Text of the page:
Shows & Panels
- The 2014 Big Picture on Cyber Security
- AFCEA Answers
- Ask the CIO
- Connected Government
- Consolidating Mission-critical Systems
- Constituent Servicing
- Continuous Monitoring: Tools and Techniques for Trustworthy Government IT
- The Data Privacy Imperative: Safeguarding Sensitive Data
- Eliminating the Pitfalls: Steps to Virtualization in Government
- Federal Executive Forum
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- Government Cloud Brokerage: Who, What, When, Where, Why?
- Government Mobility
- Mission-critical Apps in the Cloud
- Mobile Device Management
- The Modern Federal Threat Landscape
- The Path from Legacy Systems
- Understanding the Intersection of Customer Service and Security in the Cloud
Shows & Panels
Monday - Friday, 6-9 a.m.
Hosts Tom Temin and Emily Kopp bring you the latest news affecting the federal community each weekday morning, featuring interviews with top government executives and contractors. Listen live from 6 to 9 a.m. or download archived interviews on our daily show blogs.
Air Force of the future could include cyborgs
Friday - 9/3/2010, 8:40am EDT
- Could it be machine versus human? The Chief Scientist for the Air Force says that by 2030, machines will be as capable as humans, if not more so. Dr. Werner Dahm outlines his conclusions in a new report about the future of technology. According to Dahm's report, by 2030 humans and machines will be so linked it will be difficult to tell where one starts and the other ends and electromagnetic spectrum warfare is on the horizon. The report provides guidance for the Air Force to make decision on technology investments.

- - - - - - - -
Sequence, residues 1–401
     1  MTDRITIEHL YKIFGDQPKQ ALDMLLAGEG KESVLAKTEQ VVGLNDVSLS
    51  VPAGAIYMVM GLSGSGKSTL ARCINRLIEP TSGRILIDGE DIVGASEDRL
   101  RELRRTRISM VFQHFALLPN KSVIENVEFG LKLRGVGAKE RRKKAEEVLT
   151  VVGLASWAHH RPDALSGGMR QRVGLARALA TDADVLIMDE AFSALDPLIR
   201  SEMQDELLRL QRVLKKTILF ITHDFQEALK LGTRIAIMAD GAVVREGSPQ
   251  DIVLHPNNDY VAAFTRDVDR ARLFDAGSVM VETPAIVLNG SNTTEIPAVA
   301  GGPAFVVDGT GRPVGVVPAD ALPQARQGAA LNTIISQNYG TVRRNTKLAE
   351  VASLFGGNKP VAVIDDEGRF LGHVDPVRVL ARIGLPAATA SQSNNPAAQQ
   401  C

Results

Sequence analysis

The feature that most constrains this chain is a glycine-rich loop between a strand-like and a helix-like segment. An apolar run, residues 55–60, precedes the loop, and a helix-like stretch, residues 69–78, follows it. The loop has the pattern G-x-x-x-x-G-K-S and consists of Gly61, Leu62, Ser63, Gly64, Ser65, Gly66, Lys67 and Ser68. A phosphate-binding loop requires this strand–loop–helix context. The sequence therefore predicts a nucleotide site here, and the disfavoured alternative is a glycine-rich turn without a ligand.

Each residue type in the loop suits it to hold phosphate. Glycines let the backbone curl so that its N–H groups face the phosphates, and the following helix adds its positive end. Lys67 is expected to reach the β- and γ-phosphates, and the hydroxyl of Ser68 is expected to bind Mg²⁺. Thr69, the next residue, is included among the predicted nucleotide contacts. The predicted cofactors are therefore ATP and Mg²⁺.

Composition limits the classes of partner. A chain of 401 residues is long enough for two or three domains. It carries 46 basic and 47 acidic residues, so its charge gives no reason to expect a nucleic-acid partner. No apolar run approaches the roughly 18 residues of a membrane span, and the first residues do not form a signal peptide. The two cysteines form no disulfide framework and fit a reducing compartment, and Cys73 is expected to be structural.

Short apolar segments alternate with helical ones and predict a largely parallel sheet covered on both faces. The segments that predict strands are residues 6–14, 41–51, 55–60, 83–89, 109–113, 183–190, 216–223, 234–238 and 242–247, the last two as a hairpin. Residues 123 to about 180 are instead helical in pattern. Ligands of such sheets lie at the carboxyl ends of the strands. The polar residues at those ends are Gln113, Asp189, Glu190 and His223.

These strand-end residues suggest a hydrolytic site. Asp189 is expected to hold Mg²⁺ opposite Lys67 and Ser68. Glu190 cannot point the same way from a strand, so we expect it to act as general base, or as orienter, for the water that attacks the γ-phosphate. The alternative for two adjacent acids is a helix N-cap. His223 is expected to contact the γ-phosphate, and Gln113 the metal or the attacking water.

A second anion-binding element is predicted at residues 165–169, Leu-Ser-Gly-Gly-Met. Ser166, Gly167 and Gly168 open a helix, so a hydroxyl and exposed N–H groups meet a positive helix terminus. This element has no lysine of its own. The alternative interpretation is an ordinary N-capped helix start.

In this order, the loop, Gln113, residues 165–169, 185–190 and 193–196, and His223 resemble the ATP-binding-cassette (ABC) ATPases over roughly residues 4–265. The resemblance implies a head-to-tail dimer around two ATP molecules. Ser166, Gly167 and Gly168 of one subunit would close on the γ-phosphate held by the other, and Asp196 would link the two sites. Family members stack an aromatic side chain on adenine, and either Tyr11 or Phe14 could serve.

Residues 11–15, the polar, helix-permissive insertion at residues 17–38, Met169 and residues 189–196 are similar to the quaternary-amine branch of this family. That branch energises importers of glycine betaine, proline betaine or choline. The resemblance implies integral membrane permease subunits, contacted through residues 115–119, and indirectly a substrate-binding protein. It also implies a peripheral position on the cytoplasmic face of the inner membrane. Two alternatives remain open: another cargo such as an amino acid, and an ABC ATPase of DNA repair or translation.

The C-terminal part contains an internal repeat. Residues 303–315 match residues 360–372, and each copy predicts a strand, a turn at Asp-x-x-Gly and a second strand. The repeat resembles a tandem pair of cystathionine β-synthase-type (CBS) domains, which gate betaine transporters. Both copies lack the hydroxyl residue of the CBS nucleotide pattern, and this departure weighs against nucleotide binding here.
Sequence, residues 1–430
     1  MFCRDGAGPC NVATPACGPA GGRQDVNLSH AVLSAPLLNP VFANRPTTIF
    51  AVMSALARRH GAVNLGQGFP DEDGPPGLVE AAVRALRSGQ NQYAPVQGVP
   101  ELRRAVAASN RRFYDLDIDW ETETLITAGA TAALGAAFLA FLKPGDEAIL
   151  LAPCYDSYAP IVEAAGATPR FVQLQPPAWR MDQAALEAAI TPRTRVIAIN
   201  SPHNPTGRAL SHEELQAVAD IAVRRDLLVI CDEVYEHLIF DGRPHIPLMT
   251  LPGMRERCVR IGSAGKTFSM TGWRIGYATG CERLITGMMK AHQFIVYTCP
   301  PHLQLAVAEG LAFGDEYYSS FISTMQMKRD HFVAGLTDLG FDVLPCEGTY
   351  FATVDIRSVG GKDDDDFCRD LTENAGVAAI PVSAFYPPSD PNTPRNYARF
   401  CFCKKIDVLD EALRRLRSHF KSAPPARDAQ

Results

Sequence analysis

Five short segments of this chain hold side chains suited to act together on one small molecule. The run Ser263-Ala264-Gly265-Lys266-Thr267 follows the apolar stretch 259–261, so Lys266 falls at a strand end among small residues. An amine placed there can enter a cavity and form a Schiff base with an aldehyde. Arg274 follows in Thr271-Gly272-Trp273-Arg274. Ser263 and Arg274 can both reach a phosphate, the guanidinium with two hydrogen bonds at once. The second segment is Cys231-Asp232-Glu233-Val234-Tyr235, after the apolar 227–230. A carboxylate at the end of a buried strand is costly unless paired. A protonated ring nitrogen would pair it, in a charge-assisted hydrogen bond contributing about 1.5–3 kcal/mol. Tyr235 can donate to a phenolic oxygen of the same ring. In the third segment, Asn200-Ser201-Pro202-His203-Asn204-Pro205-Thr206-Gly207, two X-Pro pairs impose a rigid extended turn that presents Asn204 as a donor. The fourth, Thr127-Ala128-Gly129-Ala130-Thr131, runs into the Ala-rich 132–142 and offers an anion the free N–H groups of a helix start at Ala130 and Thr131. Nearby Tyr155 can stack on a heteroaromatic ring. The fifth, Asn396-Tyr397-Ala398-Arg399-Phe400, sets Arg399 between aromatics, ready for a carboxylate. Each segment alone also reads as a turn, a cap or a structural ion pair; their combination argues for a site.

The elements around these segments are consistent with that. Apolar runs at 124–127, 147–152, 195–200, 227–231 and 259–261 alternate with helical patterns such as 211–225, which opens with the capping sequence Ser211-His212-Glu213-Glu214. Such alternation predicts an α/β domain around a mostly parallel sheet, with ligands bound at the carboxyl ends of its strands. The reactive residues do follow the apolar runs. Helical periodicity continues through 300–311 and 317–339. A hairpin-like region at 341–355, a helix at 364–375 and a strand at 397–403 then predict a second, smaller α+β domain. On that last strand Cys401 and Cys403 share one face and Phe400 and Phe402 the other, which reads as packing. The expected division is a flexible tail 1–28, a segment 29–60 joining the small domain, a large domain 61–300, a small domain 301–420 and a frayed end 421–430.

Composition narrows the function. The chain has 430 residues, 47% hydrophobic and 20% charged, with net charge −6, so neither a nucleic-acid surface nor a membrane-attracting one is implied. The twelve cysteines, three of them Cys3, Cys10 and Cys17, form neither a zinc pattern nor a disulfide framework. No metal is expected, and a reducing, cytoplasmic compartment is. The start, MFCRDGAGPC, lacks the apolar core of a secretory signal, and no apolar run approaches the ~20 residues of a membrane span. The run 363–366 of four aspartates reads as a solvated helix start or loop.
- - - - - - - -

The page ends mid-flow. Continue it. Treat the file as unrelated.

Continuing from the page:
- The Air Force has issued a Request for Proposal to help improve its golf courses. In the long run, that can help the Air Force - and maybe other agencies - improve their financial management practices. Elinor Gonzales is the Transformation Director at the Air Force Services Agency. She explains that it might sound unusual for the Air Force to focus on golf courses, but it actually makes perfect sense. Learn more in an interview with Gonzales on the Federal Drive this morning.
- The Army makes progress in a $40-billion dollar contest to build new ground combat vehicles. GovExec reports that three companies have submitted bids for the contract. They are General Dynamics, BAE Systems and SAIC, which has teamed with Boeing and two German firms. Army leaders are looking for a platform that can be as lethal as the Bradley Fighting Vehicle and as survivable as the mine-resistant ambush-protected vehicle being used in Iraq and Afghanistan. The new project will replace the ground vehicle portion of the cancelled Future Combat Systems program.
Check out all of Federal News Radio's coverage of Defense issues here.